4. Mindy Kim and the Yummy Seaweed Business (AmazonIndieBoundby Lyla Lee, illustrated by Dung Ho. This seemed a solid enough book about an early elementary kid dealing with a new school in a new state, and a father still grieving the death of his wife (Mindy's mom, but Mindy has moved on more). Her dad is pretty remove and the new school doesn't have really nice teacher or administrators, but the kids are mostly OK. 
  5. Our Friend Hedgehog: The Story of Us (AmazonIndieBoundby Lauren Castillo. Cosy pictures and a warm tale of friendship make this easy to love, but I never got into the rhythm of its blend of fantasy. Mole prefers her tunnels for safety, but is close friends with the owl, so what does she need safety from? Hedgehog has a stuffed dog for a friend? The human child can talk, but the baby chickens only say peep? There's a polaroid camera? I felt confused. And it's OK for Beaver to mourn the loss of his dam! I think I was in the wrong mood -- this book might work better snuggled up in bed.

Elementary/Middle-grade Speculative Fiction (May)

  1. In the Red (AmazonIndieBoundby Christopher Swiedler. Sometimes I want a book that is mostly an adventure, and that's what this one was right when I wanted it. Sure, there is some complexity in Michael's anxiety disorder and how that affects his relationship with his dad, but there was also the old-fashioned joy of a protagonist who is a math prodigy and a Martian landscape suddenly reverted to its deadly, unmodified state when the colony's ionsphere generator goes down. Now the two kids must face the elements armed only with their wits and their futuristic spacesuits. 
  2. Rival Magic (AmazonIndieBoundby Deva Fagan. The emphasis on friendship was a great strength, and the way the magic system worked with this theme was really skillful. This was a lot of fun, if a bit missing in boy characters (well, in strong side characters). 
  3. A Wish in the Dark (AmazonIndieBoundby Christina Soontornva. I really liked the balance of personal and larger concerns, and the vivid city with its Thai background. I feel seemed more like a nine year old throughout (they age him and his friend up to 13 after the start) but I'm so old it's all the same to me. I liked the mix of magic and science and the different strengths of the boys and the gir. 
  4. Eva Evergreen, Semi-Magical Witch (AmazonIndieBoundby Julie Abe. Another great read with an interesting world and magic system. I liked the mix of cars and magic, and the Pokemon style apprenticeship where the kid goes out in the world to practice her craft. There are hints of more -- this is clearly a series and the rival and the EVIL OVERLORD will have be be confronted, but the first book was about learning confidence and faith in oneself. 
  5. Thirteens (AmazonIndieBoundby Kate Alice Marshall. I really liked the realism of these almost thirteen year olds. It didn't feel so immediate as to be almost dated, but these kids were clearly of our world and dealing with problems from a shared base. I liked the developing friendships, and how Pip and Otto were open to a new friend to their group. The parental relations were also solid, from the good to the bad to the very complicated. I took off a few points because the ending is a bit of a cliffhanger and I need to see the next book to know if it will stick the landing, but I definitely want to read that one.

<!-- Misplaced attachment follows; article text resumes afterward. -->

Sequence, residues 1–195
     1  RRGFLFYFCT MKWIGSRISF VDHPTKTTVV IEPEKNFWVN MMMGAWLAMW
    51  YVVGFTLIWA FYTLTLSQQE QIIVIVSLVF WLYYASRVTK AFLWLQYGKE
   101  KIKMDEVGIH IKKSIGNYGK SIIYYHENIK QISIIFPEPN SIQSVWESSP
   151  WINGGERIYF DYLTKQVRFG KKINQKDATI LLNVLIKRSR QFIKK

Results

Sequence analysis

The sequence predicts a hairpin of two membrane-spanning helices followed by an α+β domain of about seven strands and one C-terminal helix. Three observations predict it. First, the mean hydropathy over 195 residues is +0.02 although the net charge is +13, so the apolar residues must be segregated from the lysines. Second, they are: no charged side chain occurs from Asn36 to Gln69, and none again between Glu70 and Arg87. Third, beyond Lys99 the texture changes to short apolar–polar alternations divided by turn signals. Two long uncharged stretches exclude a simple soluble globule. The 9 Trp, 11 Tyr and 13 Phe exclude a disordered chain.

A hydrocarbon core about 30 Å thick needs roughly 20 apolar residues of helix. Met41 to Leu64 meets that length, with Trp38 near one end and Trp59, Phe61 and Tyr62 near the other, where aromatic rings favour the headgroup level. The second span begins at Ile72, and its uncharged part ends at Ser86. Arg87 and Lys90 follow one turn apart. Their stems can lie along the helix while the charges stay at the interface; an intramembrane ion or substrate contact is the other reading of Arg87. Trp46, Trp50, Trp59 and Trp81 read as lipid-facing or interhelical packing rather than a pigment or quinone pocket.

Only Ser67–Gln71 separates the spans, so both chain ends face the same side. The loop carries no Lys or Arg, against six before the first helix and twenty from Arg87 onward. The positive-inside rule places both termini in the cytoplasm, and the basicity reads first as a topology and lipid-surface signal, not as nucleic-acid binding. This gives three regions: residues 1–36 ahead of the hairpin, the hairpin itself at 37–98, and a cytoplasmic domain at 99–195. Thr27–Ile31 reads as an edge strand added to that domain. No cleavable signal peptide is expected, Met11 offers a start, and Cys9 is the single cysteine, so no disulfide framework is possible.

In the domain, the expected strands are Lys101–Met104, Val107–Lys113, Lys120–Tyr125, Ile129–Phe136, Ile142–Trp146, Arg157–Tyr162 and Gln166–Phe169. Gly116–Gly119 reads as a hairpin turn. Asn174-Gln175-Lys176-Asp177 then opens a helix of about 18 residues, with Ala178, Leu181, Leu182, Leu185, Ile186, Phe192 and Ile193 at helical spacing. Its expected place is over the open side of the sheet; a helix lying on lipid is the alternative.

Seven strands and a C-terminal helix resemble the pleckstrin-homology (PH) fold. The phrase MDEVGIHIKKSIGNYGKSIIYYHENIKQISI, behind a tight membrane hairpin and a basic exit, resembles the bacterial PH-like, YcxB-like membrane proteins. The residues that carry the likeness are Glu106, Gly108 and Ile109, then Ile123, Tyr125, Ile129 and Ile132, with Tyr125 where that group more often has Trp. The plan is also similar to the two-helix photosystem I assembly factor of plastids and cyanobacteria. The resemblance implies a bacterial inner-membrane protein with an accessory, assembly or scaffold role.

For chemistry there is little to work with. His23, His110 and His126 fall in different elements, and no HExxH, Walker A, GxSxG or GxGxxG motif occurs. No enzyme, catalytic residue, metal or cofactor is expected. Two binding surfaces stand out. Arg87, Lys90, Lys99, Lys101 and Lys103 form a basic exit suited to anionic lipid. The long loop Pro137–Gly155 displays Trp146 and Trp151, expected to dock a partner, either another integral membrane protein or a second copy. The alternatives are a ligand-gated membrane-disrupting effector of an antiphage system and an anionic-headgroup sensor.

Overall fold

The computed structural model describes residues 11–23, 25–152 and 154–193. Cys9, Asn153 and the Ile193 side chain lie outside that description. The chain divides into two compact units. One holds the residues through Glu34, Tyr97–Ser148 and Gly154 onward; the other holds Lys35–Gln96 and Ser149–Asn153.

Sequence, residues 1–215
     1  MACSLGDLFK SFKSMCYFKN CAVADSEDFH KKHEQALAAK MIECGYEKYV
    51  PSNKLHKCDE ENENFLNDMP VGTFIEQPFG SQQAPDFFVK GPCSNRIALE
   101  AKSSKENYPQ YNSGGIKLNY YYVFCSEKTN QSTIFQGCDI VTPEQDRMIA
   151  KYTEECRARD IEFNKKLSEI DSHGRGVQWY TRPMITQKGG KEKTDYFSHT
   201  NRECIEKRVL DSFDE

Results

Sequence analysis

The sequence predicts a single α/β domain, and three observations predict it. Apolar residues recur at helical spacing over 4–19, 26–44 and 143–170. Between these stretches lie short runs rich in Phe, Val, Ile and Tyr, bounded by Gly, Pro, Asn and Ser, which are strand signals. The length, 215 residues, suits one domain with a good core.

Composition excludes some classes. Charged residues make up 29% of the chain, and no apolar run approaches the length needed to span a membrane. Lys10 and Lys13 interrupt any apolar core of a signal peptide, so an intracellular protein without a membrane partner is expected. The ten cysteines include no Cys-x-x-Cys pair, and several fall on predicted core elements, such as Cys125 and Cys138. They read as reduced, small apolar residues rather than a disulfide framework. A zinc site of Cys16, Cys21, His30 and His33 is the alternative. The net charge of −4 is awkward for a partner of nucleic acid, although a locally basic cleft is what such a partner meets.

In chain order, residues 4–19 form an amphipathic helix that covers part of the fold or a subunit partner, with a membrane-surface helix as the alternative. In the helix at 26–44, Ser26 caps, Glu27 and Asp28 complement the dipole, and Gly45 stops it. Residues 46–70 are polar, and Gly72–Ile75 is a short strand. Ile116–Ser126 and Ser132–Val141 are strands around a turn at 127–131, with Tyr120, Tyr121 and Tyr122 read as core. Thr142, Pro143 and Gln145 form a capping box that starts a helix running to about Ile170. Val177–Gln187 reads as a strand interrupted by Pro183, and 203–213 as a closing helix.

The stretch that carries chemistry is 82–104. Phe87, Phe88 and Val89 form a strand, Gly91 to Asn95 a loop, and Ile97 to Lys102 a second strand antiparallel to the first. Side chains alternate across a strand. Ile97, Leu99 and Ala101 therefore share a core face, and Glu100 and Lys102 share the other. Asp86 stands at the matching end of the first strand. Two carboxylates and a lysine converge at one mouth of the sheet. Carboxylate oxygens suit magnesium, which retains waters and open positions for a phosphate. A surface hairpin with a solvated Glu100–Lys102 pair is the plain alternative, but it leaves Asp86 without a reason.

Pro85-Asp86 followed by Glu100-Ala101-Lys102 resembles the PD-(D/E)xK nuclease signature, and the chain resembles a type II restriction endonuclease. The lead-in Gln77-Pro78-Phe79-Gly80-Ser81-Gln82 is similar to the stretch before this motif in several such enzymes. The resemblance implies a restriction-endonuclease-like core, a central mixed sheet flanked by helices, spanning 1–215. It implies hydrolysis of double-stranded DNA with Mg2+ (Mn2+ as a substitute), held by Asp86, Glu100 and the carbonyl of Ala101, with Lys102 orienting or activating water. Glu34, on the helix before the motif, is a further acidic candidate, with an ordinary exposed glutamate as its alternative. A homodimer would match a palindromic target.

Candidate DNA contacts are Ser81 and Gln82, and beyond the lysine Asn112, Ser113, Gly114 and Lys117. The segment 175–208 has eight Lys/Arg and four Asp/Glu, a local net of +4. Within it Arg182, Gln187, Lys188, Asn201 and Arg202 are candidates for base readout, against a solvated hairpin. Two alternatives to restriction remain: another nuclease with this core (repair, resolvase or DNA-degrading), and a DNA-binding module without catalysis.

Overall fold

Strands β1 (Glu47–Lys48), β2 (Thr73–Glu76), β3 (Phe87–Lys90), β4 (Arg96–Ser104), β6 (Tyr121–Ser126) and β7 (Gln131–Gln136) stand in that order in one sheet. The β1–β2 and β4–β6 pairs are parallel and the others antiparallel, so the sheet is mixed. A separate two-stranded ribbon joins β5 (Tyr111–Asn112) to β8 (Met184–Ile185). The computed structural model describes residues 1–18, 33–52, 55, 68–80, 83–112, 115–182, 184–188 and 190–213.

6. Mulan: Before the Sword (AmazonIndieBoundby Grace Lin. Great kid does great stuff, and we get to hear a lot of stories along the way. Grace Lin has a pattern, and it's a very enjoyable one and I really enjoy the flavor of her Chinese fairy tales.
  7. Curse of the Night Witch (Emblem Island) (AmazonIndieBoundby Alex Aster. I had fun, but thought it the journey format was a bit plot-coupony. I liked the various strengths of the three kids, but found the deterministic nature of their society a bit off-putting. A neat twist at the end opens the book into a series, and the main character is in a more stable place emotionally to face it. 

Fiction Picture Books (Feb)

  1. I Am Every Good Thing (AmazonIndieBoundby Derrick Barnes, illustrated by Gordon C. James. I expected this to be a book for adults, one that inspired the reader and was probably ok with the kids listening. But as I read this I could see kids (I was picturing my kids when they were small in particular) really enjoying it. The pictures are vibrant and specific, showing a kid in situations everyone could identify with, and the words were delicious to read aloud. I now think it's a book for kids and people who read to them. 
  2. I Talk Like a River (AmazonIndieBoundby Jordan Scott, illustrated by Sydney Smith. The way the art worked to portray stuttering while the worlds conveyed the narrator's experience was an amazing act of cooperation. And seeing the how the dad's words and love helped his son frame his disability in a new and powerfully affirming way was inspiring. I'd want to see how kids respond; it was hard to picture my children falling in love with this as a story. But maybe I underestimate them in my memory.